Tanzania: Hazardous Life of Child Gold Miners
 Children as young as eight years old are working in Tanzanian small-scale gold mines, with grave risks to their health and even their lives. The Tanzanian government should curb child labor in small-scale mining, including at informal, unlicensed mines, and the World Bank and donor countries should support these efforts.
A recent HRW report describes how thousands of children work in licensed and unlicensed small-scale gold mines in Tanzania, Africa’s fourth-largest gold producer. They dig and drill in deep, unstable pits, work underground for shifts of up to 24 hours, and transport and crush heavy bags of gold ore. Children risk injury from pit collapses and accidents with tools, as well as long-term health damage from exposure to mercury, breathing dust, and carrying heavy loads. A 17-year-old boy who survived a pit accident told Human Rights Watch, “I thought I was dead, I was so frightened.”
Tanzanian boys and girls are lured to the gold mines in the hopes of a better life, but find themselves stuck in a dead-end cycle of danger and despair.
Photo: Four-year-old girl in Tanzania plays in an amalgamation pond contaminated with mercury while adults process gold. © 2012 Zama Coursen-Neff/Human Rights Watch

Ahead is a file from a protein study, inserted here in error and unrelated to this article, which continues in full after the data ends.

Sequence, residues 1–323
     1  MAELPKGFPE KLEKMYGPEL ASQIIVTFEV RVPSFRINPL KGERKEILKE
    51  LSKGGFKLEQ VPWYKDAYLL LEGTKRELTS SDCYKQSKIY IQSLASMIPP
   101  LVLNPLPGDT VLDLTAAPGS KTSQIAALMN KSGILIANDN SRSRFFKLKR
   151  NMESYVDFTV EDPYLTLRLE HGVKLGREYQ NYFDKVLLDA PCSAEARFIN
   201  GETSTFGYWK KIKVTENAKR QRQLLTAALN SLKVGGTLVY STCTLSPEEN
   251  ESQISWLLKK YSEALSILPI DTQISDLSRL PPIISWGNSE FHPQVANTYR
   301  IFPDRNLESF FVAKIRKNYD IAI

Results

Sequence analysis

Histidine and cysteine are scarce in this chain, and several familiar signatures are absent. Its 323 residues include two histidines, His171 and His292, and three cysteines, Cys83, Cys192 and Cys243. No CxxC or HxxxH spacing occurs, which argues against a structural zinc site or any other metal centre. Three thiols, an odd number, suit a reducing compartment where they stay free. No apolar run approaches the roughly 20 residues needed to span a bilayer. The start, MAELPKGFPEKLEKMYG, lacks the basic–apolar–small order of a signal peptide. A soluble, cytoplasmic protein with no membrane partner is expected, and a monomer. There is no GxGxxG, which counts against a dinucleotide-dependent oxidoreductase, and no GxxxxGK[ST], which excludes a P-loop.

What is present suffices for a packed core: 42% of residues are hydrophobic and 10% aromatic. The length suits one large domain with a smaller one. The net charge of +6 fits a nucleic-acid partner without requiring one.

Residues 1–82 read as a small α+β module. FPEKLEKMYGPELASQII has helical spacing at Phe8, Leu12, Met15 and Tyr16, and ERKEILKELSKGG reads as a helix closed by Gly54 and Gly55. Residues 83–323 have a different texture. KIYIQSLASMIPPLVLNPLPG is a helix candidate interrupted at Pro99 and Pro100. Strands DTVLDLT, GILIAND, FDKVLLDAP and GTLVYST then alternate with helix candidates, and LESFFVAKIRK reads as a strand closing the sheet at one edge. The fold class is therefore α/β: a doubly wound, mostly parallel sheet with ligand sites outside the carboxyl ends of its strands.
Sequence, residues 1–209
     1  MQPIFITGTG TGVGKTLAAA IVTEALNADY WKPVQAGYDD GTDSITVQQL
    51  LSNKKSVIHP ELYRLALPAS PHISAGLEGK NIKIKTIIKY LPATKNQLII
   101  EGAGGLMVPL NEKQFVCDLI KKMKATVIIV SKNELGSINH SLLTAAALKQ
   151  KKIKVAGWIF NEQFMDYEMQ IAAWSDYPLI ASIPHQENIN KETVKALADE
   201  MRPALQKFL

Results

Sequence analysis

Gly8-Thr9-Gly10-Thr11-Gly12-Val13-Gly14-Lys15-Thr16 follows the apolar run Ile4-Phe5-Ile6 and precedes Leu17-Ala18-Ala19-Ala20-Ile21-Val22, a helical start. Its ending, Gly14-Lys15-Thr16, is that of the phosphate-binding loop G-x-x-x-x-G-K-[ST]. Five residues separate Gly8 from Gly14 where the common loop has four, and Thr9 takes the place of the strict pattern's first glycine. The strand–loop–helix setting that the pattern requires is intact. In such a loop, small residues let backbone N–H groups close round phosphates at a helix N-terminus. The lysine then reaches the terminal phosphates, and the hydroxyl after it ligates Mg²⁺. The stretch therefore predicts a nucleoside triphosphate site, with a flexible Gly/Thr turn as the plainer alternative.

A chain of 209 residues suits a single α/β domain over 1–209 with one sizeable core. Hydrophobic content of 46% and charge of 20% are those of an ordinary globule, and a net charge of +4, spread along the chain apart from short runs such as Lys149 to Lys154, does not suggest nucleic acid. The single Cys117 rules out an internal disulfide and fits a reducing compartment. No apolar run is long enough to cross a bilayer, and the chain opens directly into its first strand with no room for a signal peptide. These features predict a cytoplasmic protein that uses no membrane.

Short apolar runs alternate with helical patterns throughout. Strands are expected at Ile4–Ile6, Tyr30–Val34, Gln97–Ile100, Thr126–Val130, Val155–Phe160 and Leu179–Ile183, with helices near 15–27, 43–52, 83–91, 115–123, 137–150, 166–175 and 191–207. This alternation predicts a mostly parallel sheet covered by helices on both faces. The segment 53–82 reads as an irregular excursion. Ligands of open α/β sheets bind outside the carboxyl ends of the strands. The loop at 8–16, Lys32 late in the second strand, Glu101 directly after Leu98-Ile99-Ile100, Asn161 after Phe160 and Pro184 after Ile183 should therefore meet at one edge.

Tanzania: Hazardous Life of Child Gold Miners

 Children as young as eight years old are working in Tanzanian small-scale gold mines, with grave risks to their health and even their lives. The Tanzanian government should curb child labor in small-scale mining, including at informal, unlicensed mines, and the World Bank and donor countries should support these efforts.

A recent HRW report describes how thousands of children work in licensed and unlicensed small-scale gold mines in Tanzania, Africa’s fourth-largest gold producer. They dig and drill in deep, unstable pits, work underground for shifts of up to 24 hours, and transport and crush heavy bags of gold ore. Children risk injury from pit collapses and accidents with tools, as well as long-term health damage from exposure to mercury, breathing dust, and carrying heavy loads. A 17-year-old boy who survived a pit accident told Human Rights Watch, “I thought I was dead, I was so frightened.”

Tanzanian boys and girls are lured to the gold mines in the hopes of a better life, but find themselves stuck in a dead-end cycle of danger and despair.

Photo: Four-year-old girl in Tanzania plays in an amalgamation pond contaminated with mercury while adults process gold. © 2012 Zama Coursen-Neff/Human Rights Watch